For a working solution, you need to know a little bit about the perl API. I suggest perlxs, perlxstut, and perlapi docs, though you'll perhaps also find some useful tips in the Inline::C cookbook and, no doubt, many other places.
        Anyway, here's one solution:
        void print_array_int(int x, ...) { dXSARGS; int i; for(i=0;i < items - 1; i++) { printf("Element array[%d] = %d\n",i,SvIV(ST(i))); } XSRETURN(0); }
        "items" is the number of elements on the stack - so there's really no need to pass the length of the array to the function. You could remove that arg and rewrite the for loop condition as (i=0; i<items; i++)

        Two things to note about Inline::C:
        1) It's really just XS - it takes your C code, autogenerates the XS code, then compiles and runs your program.
        2) Inline::C defines its own stack macros, all of which begin with "Inline_Stack_" and are defined in the Inline.h file that it also autogenerates. Other than that, it's the same as XS, and you don't *have* to use its stack macros. You can just use the normal XS terms - as I did above when I declared "dXSARGS" instead of "Inline_Stack_Vars" (and used "XSRETURN(0)" instead of "Inline_Stack_Void").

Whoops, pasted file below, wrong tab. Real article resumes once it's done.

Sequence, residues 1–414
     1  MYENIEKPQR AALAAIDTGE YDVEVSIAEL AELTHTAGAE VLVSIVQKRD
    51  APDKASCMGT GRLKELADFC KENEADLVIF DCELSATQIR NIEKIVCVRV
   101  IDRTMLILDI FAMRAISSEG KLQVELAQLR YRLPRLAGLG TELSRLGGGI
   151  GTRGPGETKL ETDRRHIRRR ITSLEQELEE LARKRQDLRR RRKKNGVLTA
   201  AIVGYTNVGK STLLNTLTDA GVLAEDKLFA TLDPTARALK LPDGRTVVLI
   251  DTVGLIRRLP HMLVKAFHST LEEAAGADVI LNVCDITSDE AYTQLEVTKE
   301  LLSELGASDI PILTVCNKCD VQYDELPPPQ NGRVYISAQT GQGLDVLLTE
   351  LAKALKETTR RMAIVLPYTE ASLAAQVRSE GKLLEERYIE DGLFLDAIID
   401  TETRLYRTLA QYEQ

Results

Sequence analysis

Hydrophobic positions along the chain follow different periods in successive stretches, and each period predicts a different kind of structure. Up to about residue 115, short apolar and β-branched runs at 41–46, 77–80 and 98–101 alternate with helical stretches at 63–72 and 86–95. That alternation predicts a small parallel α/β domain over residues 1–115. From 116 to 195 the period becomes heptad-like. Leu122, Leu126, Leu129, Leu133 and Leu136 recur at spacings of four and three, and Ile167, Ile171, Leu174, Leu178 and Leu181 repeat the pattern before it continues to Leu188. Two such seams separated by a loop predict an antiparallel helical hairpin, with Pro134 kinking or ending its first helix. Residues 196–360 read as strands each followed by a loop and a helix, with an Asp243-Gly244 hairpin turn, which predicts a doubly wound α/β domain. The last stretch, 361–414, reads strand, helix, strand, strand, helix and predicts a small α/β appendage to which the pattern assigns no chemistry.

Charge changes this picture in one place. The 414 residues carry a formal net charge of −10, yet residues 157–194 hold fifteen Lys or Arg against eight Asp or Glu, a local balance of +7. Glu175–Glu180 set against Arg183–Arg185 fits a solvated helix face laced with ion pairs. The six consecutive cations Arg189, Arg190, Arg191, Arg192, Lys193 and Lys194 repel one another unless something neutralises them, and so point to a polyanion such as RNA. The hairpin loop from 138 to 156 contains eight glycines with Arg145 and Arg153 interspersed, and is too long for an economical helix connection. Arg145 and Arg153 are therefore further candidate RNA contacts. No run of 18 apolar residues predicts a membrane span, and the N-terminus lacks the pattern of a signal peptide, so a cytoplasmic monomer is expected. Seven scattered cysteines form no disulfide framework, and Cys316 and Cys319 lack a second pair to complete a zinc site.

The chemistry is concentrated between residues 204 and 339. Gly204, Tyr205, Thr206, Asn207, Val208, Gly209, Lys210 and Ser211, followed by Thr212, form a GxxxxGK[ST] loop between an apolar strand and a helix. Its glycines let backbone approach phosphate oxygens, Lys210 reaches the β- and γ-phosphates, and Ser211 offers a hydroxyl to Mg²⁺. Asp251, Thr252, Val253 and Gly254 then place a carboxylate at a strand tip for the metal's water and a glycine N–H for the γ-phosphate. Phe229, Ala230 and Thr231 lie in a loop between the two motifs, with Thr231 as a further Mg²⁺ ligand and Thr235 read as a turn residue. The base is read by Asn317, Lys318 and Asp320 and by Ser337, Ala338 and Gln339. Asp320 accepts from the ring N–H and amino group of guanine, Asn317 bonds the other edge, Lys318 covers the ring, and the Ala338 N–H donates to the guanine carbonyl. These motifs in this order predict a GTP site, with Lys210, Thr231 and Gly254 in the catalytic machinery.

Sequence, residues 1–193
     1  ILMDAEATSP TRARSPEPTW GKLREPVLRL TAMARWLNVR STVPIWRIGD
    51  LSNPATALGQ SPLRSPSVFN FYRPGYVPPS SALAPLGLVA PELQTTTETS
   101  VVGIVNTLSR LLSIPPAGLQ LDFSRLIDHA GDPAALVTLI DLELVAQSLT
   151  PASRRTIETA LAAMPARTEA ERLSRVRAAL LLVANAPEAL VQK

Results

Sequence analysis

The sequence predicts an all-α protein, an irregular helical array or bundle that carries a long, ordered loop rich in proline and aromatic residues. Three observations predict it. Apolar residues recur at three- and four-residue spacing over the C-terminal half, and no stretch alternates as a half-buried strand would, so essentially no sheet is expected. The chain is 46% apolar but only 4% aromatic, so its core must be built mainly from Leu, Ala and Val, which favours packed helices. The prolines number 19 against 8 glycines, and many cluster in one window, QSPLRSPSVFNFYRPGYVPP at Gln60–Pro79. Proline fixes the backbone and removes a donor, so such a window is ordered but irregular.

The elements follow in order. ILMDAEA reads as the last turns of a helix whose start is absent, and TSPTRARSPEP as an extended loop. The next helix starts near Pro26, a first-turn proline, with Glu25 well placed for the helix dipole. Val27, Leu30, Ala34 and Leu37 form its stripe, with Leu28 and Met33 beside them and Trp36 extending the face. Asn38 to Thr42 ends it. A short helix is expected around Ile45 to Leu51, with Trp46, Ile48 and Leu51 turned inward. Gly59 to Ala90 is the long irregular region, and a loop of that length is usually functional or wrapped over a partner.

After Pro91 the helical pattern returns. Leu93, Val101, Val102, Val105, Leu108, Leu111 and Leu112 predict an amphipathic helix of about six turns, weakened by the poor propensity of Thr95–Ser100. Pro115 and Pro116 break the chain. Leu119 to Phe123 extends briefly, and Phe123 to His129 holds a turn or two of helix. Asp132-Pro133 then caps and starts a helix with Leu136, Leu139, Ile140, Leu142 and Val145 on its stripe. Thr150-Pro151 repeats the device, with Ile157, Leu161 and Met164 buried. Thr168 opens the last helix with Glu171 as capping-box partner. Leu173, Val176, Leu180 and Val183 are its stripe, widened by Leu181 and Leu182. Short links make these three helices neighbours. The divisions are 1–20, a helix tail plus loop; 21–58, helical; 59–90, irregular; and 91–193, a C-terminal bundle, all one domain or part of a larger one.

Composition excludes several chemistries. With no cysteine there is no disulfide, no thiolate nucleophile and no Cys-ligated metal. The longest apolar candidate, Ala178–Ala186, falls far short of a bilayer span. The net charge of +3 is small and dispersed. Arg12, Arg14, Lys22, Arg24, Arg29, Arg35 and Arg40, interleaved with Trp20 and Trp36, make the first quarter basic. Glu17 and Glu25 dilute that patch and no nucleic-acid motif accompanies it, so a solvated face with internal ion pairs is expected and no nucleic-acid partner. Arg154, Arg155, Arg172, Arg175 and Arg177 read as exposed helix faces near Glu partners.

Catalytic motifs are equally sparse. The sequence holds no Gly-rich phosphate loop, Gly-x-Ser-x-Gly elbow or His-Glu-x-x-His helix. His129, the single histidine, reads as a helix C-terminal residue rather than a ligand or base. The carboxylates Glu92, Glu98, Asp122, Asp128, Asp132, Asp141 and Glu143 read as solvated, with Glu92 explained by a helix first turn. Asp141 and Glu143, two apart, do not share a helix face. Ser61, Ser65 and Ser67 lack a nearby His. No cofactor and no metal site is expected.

Re: Perl XS
by Laurent_R (Canon) on Nov 18, 2013 at 23:33 UTC

    Hmmm, if you were doing intensive CPU computation, then XS or Inline::c would definitely be good choice of candidates for improving performance. But if your performance issue is that you are handling huge amounts of data, I am not entirely sure that you are going to be easily doing much better than Perl. It really depends on the details of what you are doing, but Perl is fairly good at data munging, it is not always very easy to do any better even in a compiled language such as C. And, quite often, Perl offers you the tools to use easily a better algorithm which would be a pain in the neck to implement in C. BTW, this is not empty talk, I am working almost daily with tens of GB of data, often with hundreds of GB and sometimes (rarely, though) with even larger volumes, I have succeeded quite often (most of the time, actually) to create Perl programs faster or much faster than the existing pure C (or Java) programs they were replacing, just because Perl enabled me to implement easily better algorithms (sometimes, the speed of a Perl hash lookup can just make the hell of a difference). Of course, nothing in the foregoing is meant to claim that C is not better in some cases, I am only saying that the advantage of C is not always as obvious as you might think.